The Short, Happy Life of Francis Macomber Essay

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In the following essay, Johnston analyzes the character of Margot Macomber in "The Short Happy Life of Francis Macomber," pointing out evidence that paints her as more complicated than a one-dimensional villain.

Margot Macomber deserves her day in court of appeals. She so aroused the emotions and prejudices of her critics that, in a manner of speaking, they rushed her to trial, before the smoke and dust had settled, in a "drumhead court" on the field of battle. Without a thorough examination of the evidence, or of the motives of her chief accuser, they found her guilty as charged-guilty, or, at the very least, not innocent, of the murder of her husband, Francis Macomber.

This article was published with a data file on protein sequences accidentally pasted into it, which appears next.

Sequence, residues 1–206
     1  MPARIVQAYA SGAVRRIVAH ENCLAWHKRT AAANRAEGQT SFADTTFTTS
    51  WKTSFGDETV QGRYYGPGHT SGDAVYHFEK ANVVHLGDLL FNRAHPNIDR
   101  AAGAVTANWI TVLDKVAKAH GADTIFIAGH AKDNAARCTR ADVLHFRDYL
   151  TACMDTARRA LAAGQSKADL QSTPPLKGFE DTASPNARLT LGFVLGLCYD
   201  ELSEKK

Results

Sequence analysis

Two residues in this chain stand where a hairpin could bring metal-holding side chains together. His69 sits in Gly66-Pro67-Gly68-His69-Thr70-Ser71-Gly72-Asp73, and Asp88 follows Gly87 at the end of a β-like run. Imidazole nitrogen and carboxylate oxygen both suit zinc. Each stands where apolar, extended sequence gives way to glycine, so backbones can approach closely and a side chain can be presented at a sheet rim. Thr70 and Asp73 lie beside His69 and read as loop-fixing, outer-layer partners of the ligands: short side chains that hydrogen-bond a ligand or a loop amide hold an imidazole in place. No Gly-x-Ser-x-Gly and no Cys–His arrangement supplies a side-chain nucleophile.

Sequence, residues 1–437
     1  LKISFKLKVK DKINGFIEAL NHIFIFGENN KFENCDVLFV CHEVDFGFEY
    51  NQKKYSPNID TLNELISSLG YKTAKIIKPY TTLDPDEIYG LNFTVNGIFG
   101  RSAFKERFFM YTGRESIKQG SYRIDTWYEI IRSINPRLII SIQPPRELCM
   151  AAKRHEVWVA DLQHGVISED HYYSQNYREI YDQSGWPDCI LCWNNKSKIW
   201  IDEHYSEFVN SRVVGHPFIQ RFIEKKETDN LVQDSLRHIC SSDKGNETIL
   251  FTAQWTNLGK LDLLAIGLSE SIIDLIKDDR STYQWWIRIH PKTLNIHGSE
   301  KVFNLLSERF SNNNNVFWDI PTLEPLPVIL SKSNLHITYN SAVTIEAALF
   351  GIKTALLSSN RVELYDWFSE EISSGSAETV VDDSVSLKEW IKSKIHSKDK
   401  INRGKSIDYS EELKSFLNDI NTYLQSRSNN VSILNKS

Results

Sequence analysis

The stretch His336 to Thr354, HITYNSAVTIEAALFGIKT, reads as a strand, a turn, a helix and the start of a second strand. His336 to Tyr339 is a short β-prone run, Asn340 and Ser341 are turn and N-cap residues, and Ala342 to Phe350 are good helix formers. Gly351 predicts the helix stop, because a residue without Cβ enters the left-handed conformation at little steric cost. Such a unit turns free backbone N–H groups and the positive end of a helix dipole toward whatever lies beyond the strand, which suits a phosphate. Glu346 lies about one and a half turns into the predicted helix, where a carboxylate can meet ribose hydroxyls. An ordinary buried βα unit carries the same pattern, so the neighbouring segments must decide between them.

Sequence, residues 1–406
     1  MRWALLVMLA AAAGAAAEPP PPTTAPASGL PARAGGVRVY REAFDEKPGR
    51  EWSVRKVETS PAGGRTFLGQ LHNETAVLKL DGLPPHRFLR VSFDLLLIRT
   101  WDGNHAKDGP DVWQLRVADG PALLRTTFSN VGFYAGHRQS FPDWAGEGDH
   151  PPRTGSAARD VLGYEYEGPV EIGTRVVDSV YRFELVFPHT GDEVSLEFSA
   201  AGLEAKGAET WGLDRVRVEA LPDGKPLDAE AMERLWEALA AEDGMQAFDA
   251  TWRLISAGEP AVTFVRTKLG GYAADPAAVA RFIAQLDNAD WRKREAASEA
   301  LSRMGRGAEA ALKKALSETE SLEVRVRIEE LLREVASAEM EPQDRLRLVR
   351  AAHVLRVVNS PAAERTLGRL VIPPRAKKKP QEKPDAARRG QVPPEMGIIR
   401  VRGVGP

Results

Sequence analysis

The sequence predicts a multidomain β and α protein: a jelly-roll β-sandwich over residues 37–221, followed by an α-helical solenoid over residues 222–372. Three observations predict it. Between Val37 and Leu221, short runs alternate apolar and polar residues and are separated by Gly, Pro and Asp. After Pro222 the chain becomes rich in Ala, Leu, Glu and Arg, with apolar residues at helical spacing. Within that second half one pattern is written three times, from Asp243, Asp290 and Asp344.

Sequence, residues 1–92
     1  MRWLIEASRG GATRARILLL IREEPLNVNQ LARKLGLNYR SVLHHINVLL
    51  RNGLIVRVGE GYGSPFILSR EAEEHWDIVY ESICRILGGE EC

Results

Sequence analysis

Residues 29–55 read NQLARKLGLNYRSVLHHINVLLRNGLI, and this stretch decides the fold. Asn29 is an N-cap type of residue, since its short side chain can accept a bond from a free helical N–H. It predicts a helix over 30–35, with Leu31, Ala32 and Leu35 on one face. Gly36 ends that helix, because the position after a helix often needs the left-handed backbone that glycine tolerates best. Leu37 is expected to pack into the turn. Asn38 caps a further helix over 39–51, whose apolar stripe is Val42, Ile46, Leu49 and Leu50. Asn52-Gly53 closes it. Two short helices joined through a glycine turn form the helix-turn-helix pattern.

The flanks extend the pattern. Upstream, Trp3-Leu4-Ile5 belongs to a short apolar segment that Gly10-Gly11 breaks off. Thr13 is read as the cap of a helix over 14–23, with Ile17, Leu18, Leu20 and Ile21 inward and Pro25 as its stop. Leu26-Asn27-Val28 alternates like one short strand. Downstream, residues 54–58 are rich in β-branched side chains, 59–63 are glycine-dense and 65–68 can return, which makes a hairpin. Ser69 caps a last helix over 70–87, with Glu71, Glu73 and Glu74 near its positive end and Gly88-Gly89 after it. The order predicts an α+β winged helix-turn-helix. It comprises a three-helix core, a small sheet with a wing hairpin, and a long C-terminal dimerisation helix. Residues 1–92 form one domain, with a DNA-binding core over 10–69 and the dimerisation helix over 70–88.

Margot, of course, is no angel. And she is guilty--of infidelity; and of accepting the adolescent touchstone of manhood-standing firm before an onrushing wounded lion or buffalo-so heartily embraced by the white hunter, her...

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This section contains 1,589 words
(approx. 4 pages at 400 words per page)
Buy The Short, Happy Life of Francis Macomber Study Guide
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